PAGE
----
Could Cannabinoids be COVID-19 Immunity Boosters?

You’ve Heard of COVID-19. You’ve Heard of Hemp. Have You Heard that Early Studies Conducted at Oregon State University Suggest that Certain Cannabinoids Present in Hemp May Serve as an Antiviral for COVID-19?

First off, let me start by saying that while I love Cannabis sativa and all of its “magical” and medicinal properties, I do not in any way intend for you to take away from this blog post that by smoking or ingesting some form or other of cannabis you will become immune to COVID-19 or have your immunity thereto boosted. Heck, if that were the case a lot of folks I am near and dear to who have contracted COVID would have steered clear of it altogether.

Now that I’ve espoused my very own CYA (lawyer short-hand for “cover your a**”) let me get on with it.

A study by scientists at Oregon State University (“OSU”) published on Monday suggests that certain cannabinoids present in hemp demonstrate antiviral properties that block COVID-19 from entering human cells, which could be used to block the process that COVID-19 uses to infect people. While promising, the study is still in the lab phase, meaning the reported results have not been successfully demonstrated on human research participants.

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While petri dish research results are notorious for being far more promising at the initial stage than they shake out to be when tested in the real world, every once in a while a breakthrough occurs.

In this particular preliminary study, OSU scientists discovered that two particular cannabinoids found in hemp–cannabidiolic acid (“CBDA”) and cannabigerolic acid (“CBGA”)–were shown to bind to the SARS-Cov-2 spike protein in vitro. Sars-Cov-2 is the virus that can ultimately lead to COVID-19. The SARS-Cov-2 spike protein is the part of the cell that the coronavirus uses to enter human cells, so CBDA and CBGA’s ability to bind the spike protein could stop the mechanism the virus uses to infect people.

For the study, scientists placed human epithelial cells, CBGA, and CBDA in a petri dish. The scientists then proceeded to introduce the SARS-CoV-2 protein into the same petri dish. Upon the introduction of the SARS-CoV-2 protein, the scientists noticed that CBGA and CBDA stopped the SARS-CoV-2 spike protein from entering the human cells.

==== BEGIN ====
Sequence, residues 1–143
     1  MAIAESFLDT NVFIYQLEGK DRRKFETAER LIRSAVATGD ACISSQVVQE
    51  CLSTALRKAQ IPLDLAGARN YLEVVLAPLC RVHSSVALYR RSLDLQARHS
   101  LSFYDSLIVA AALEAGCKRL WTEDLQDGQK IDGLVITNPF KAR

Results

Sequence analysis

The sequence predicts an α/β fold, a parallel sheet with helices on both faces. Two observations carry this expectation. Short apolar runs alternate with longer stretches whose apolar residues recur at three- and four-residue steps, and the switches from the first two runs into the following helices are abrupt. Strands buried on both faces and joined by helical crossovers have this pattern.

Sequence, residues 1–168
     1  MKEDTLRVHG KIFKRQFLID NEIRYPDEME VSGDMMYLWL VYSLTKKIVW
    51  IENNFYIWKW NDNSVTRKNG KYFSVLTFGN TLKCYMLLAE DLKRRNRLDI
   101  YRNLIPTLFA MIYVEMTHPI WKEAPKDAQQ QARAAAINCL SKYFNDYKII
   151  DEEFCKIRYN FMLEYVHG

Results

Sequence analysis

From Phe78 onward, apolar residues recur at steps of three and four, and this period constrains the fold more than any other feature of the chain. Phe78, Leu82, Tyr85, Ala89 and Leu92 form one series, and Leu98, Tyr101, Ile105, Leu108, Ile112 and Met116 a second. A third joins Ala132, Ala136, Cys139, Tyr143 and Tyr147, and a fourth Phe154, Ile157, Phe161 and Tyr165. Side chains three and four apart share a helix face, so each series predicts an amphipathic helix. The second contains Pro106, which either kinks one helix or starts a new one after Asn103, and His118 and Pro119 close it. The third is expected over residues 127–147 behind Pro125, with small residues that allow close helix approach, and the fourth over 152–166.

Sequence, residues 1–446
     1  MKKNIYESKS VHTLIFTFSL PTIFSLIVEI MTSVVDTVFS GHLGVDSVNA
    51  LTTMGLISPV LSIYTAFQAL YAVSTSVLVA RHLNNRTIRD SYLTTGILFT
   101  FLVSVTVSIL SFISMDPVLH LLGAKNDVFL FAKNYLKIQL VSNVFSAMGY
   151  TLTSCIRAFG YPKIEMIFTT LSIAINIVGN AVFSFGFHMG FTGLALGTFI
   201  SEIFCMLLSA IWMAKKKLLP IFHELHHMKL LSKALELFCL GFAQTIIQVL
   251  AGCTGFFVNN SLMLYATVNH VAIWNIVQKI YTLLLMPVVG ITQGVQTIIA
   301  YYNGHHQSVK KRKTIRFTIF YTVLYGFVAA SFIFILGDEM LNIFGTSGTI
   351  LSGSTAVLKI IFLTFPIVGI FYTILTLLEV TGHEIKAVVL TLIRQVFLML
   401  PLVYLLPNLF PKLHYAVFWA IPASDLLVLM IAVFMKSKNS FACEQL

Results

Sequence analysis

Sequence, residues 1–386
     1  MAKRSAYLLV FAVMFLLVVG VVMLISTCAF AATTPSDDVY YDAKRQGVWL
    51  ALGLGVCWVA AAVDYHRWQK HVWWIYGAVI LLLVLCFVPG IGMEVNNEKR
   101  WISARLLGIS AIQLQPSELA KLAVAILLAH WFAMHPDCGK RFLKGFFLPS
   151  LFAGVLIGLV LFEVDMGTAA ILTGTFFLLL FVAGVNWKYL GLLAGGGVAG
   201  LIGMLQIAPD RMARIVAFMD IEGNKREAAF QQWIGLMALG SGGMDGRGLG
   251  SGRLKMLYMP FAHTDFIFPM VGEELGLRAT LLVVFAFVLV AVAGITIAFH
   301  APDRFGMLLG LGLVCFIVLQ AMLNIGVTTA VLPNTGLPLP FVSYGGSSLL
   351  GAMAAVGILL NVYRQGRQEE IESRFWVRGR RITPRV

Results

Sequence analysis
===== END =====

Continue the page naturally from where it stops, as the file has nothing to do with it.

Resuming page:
So what does this mean, exactly? Researcher with Oregon State’s Global Hemp Innovation Center and lead study author Richard Van Breeman explains that “cell entry inhibitors, like acids from hemp, could be used to prevent SARS-CoV-2 infection and also to shorten infections by preventing virus particles from infecting human cells. They bind to the spike proteins so those proteins can’t bind to the ACE2 enzyme, which is abundant on the outer membrane of endothelial cells in the lungs and other organs.”

At this stage, CBGA and CBDA have only been studied on the Alpha and Beta variants of SARS-CoV-2, meaning that they have not been studied on the much more prevalent variants Delta and Omicron. And as mentioned previously, the study has not progressed beyond the lab phase. Still, researchers are hopeful that the results of this initial study indicate a possible inroads to stopping or mitigating the spread of SARS-CoV-2’s in humans, especially given the safe status of CBGA and CBDA.

While I’m not going to get too excited about this at such an early stage (for better or for worse, I was born a cynic), my interest is piqued and I will follow-up here with any positive developments on this front that follow.